Foot Emancipation Society
Foot Emancipation Society (Chinese: 不缠足会), or Anti-footbinding Society (Chinese: 戒缠足会), was a civil organization which opposed foot binding in the late Qing Dynasty. It was impacted by Hundred Days' Reform (戊戌变法) of 1898, and this organization advanced the feminist movement in China.
Foot binding was a custom practiced on young girls and women for approximately one thousand years in China, beginning in the 10th century. In Chinese society, bound feet were considered beautiful and erotic. The practice also limited women's mobility and was sometimes seen as a mark of status (the woman did not have to work) or a mark of male ownership (the woman's mobility was limited and she was intensely dependent on the males in her household).
After the Opium Wars, China signed the "Treaty of Nanking" with Britain, which forced the Qing government to open the five ports. More Christians came to China and began to oppose foot binding, because they thought it was discriminatory against females. In 1875, a Guangzhou pastor organized a "anti-foot-binding organization", and more than 80 people attended, despite the fact that these kinds of activities had very limited influence.
Hundred Days' Reform of 1898 stimulated many social reform activities. The widest-ranging movement was the "anti-footbinding movement," which generated the founding of "Foot Emancipation Society".
In 1887, Kang Youwei (康有为) and Qu Eliang established the "Foot Emancipation Society" in Nanhai, Guangdong; however, it was abandoned due to of public opposition. In 1885, Kang Youwei and his brother Kang Guangrou (康广仁) established "Canton Foot Emancipation Society". He asked his daughters Kang Tongwei, Kang Tongbi to release their feet as examples. This movement began to impact the culture in Guangdong. In late 1896, Wu Xinggang (吴性刚) founded the "Anti-Footbinding Society" in Hunan province.
After 1897, the anti-footbinding movement developed rapidly. In Shunde District, Guangdong, more than hundred people attended the anti-footbinding movement. Liang Qichao (梁启超) wrote an article called "Report of Anti-footbinding" (《戒缠足会叙》). On June 30, the Shanghai Foot Emancipation Society was established. It impacted the related organizations in Fuzhou, Tianjing, and Macau. In 1897, Chen Baoyi (陈保彝) announced the establishment of the Foot Emancipation Society in Changsha. The next year, Tan Sitong (谭嗣同) and Tang Caichang (唐才常) began the Hunan Foot Emancipation Society.
These activities may have been restricted by the districts during this period. The movement was also limited to the more knowledgeable citizens. After the failure of Wuxu Reform, the anti-foot binding movement ended and foot binding continued to be widely practiced.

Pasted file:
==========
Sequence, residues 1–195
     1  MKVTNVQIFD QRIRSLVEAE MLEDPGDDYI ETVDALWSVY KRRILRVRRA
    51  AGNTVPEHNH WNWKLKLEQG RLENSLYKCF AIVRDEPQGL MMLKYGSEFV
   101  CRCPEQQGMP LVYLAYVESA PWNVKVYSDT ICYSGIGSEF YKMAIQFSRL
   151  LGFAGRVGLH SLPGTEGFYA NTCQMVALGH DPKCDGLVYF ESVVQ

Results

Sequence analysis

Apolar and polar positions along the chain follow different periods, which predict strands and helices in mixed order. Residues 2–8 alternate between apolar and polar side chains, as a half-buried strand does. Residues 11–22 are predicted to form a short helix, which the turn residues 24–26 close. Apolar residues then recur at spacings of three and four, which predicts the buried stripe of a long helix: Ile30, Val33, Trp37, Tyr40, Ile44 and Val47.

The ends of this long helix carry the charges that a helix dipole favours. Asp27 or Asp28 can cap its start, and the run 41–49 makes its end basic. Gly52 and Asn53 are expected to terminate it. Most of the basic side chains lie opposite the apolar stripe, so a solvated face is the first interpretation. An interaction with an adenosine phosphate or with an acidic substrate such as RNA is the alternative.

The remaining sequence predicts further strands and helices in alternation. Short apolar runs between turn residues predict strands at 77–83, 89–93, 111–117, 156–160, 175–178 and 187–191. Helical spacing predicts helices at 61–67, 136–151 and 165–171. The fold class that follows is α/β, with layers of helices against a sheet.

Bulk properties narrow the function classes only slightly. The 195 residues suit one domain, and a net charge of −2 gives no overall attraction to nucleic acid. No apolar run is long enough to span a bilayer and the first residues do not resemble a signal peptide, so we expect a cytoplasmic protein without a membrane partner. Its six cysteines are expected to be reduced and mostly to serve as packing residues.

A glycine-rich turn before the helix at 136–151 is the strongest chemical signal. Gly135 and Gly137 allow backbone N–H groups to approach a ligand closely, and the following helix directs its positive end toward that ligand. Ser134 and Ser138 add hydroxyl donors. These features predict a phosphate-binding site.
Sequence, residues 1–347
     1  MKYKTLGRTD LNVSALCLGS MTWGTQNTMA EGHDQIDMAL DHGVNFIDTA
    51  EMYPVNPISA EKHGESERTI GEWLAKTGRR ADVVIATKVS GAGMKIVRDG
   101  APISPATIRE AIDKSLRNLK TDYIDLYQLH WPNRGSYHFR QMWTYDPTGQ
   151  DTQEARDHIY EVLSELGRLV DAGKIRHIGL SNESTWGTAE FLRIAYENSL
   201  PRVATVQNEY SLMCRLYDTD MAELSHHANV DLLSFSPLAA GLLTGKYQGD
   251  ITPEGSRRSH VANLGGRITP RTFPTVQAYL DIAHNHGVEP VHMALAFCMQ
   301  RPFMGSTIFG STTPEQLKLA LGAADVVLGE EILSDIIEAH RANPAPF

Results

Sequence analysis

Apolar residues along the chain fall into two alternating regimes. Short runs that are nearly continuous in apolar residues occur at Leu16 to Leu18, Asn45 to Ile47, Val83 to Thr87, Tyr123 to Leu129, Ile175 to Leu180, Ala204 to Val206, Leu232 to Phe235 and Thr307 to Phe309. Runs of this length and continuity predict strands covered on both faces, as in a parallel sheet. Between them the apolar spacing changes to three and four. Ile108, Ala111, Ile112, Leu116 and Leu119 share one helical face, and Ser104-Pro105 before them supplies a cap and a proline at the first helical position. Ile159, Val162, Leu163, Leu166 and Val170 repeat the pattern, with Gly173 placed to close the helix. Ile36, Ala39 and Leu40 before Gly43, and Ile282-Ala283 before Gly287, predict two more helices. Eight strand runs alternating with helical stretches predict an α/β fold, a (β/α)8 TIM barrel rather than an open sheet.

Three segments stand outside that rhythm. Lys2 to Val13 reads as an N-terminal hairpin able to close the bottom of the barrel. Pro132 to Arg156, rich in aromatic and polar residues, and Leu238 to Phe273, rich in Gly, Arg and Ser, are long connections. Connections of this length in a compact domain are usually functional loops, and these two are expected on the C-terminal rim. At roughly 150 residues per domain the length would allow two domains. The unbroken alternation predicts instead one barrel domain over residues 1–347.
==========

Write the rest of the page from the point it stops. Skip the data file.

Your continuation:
During the Gengzi Reform (清末新政, 庚子新政), anti-footbinding activities resumed. In 1902, Empress Dowager Cixi announced a ban on foot-binding to appease foreigners, but it was rescinded a short time later. In 1905, Natural Feet Society (天足会) was established and largely impacted this movement. This movement gained the support of governors. Sichuan Governor Cen Chunxuan (岑春煊) printed 50,000 books in support of the movement; Zhili Governor Cen Chunxuan (袁世凯), Huguang Governor Duanfang (端方) also wrote anti-footbinding articles. In 1904, foot binding was outlawed in many provinces, and some governmental officers asked their wives or daughters to release their bound feet.
In 1912, after the fall of the Qing Dynasty, the new Republic of China government banned foot binding. Women were told to unwrap their feet lest they be killed. Societies were founded to support the abolition of foot-binding, with contractual agreements made between families who would promise an infant son in marriage to an infant daughter who did not have bound feet. When the Communists took power in 1949, they were able to enforce a strict prohibition on foot-binding, including in isolated areas deep in the countryside where the Nationalist prohibition had been ignored. The prohibition on foot-binding remains in effect today.
- Grady, Helen. "Regulation of Marriage and the Anti-Footbinding Society". Retrieved June 1, 2011.
- "Marie Vento: One Thousand Years of Chinese Footbinding: Its Origins, Popularity and Demise". Term Paper/Core 9: Chinese Culture/ March 7, 1998. Retrieved June 1, 2011.